Never forget to include what you feel your strengths are in this exercise. You might have extremely good footwork, great point control, or an awesome attitude and those will be the starting points for gathering evidence in areas you need work on, which is the second piece of the equation.


Evidence is any experience or interaction with yourself or with others as it pertains to a certain skill.  Every compliment, positive self-talk, quality training, and success is an example of positive evidence that can build your confidence. On the other hand, every insult, negative self-talk, wasted practice, or setback can be a negative influence on your confidence, if you allow them to. After understanding your Self-Belief, you’ll need to begin gathering evidence. More evidence in areas you have a low Self-Belief and less in areas you have a high Self-Belief.

Gathering Evidence to Overcome Low Self-Belief

There is nothing wrong with having a low Self-Belief, if it is an honest assessment and you don’t allow it to defeat you. We all doubt our skills and abilities in some aspect of our lives. It is human to recognize our weakness. But it is also quintessentially human to improve.  For me, I tend to doubt myself in social situations. I compare myself to friendly, outgoing, and loquacious people a lot. I never feel like I can live up to their personability and jovial nature. They are just too darn fun to be around and I’m frankly, a little intense.

Having this weakness and realistically assessing it means I have the opportunity to develop a sense of confidence in those skills or situations. Using the equation, in this situation, means that I need to look for more evidence. For example, to build my confidence in social situations, I try to notice when I get someone to laugh or smile instead of focusing on my inability to be a social butterfly. This is a simple way of gathering evidence.

Gathering evidence is an ongoing process and one that you can easily get help with. When you’re struggling, find something positive that lifts you up. Ask a trusted friend what they think you’re doing well in. Let them know you need a pep-talk every now and then. Alternatively watch something that inspires you. Fall back on something you know you can do and give yourself a mini-victory. These are just a few examples of gathering positive evidence. Over time, as you gather more evidence, you’ll find your confidence rising and as you maintain a base level of confidence, your self-belief will rise as well.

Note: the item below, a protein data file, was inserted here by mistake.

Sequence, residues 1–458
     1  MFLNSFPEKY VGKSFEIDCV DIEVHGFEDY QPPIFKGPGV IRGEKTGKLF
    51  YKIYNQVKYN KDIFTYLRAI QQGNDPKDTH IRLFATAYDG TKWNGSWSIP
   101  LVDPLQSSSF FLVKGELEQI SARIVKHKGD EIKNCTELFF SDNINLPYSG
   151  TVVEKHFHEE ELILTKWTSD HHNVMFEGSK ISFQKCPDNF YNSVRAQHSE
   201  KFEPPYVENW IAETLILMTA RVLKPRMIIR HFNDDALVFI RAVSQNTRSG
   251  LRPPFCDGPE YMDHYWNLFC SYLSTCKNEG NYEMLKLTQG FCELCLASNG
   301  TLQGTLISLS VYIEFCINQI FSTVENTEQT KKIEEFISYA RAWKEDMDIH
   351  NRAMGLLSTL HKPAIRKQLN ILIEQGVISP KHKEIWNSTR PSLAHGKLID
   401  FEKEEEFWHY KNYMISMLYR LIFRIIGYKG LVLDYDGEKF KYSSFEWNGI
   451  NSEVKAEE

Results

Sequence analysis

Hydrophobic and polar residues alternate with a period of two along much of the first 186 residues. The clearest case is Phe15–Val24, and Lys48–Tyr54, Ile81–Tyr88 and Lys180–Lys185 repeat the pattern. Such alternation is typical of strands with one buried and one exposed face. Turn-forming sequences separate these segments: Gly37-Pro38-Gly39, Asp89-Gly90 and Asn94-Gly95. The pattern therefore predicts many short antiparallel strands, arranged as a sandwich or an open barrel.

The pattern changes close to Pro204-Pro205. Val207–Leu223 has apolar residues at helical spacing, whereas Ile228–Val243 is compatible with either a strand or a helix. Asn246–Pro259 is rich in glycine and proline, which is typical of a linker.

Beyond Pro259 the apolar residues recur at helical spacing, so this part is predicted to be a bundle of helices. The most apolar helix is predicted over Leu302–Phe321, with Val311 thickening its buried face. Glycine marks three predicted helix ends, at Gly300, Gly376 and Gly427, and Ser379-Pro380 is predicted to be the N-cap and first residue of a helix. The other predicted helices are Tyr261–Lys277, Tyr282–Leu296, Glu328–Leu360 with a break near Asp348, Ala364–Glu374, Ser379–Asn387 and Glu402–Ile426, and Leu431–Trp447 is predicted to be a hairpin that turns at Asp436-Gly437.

Additionally, if you know someone struggles with their confidence, be a source for positive evidence. This is a great way to boost your own confidence and develop a positive outlook. Point out positive evidence and compliment others often. Build people up, and be genuine as you do so. Those you help will reciprocate. Building confidence is a much easier process when done as a group. If this is something you’d like to work on, make the goal of sincerely complimenting one person at practice each week. Write down your experiences in your journal and record how you feel.

Quick Evidence I use to Boost My Confidence

My final piece of advice when it comes to building confidence is to find a few simple pieces of evidence that you can fall back on when you need a quick boost. That way when you need it, you’ll have something ready. 

Two of my favorite pieces of evidence are an old commercial from my hockey days and a lesson in body language from a TED talk. Try them out yourself or use them to inspire your own personal evidence to boost your confidence.

Underdog Commercial

This simple commercial always gives me the chills! It reminds me to think like an underdog and to always believe that “passion has funny way of trumping logic.” It helps me know that I can do anything when I put my mind to it and try my hardest.

Power Poses

A simple lesson in body-language can make a huge difference in changing how we feel. As a leader, something as simple as standing tall can make all the difference. When I’m struggling, I take a few moments to make a power pose and remind myself that I am strong and can do what needs to be done.